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Last Updated on September 5, 2023, by eNotes Editorial. Word Count: 341

Set in South Africa under apartheid, the novel explores how the members of one black family are transformed through resistance to the unjust regime. Nadine Gordimer focuses on differences between generations as they pursue different avenues of personal fulfilment and creating effective social change.

Family Bonds

Will, the son in the story, immediately introduces the importance of family bonds when he describes how he learned of his father’s affair. Sonny; his wife, Aila; and their two children, Will and Baby, are black. Will is dismayed to learn not only that his father has a lover but that she is white. As the four family members become involved with anti-government activities in various ways, Will is torn between his loyalty to his father and his anguish over betraying his mother. When mother and daughter not only leave but become entangled in a radical fringe group, all the family bonds are torn or frayed.

Race Relations

Sonny’s involvement with Hannah begins with shared commitment to resisting the oppressive government, although ironically, it is the white woman who initially is more of an activist. Gordimer makes their relationship the main symbol of the multiple ways that apartheid separated people in personal terms by race, from simply sharing the same public space to intimate relationships and marriage. From the story of these two people, complex webs of relationships show the dangers that people faced every day in breaking the color barriers.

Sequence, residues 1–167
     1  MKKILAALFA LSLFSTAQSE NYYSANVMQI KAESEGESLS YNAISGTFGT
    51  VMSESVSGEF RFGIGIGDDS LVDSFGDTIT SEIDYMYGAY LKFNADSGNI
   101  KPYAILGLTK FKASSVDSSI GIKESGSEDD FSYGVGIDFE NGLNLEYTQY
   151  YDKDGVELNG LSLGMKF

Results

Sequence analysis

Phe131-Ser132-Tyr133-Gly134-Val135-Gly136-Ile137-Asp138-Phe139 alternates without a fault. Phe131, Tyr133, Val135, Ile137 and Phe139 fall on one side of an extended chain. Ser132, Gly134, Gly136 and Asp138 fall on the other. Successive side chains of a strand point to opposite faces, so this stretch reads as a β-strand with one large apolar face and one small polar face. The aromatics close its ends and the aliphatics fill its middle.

Social and Political Activism

The changing consciousness of Sonny and his family connects with the larger, rapidly increasing social changes that were occurring in apartheid South Africa. Sonny and Aila had been resigned to the inevitability of the unjust system in which they lived. As a teacher and an Anglophile, Sonny rationalized that culture could be separated from politics. Gordimer presents the range of resistance efforts, from street protests through violent terrorist cells, that permeated South African society and generated lasting change. Sonny’s imprisonment for a relatively minor infraction represents the oppressive tactics with which the government tried to quash opposition.

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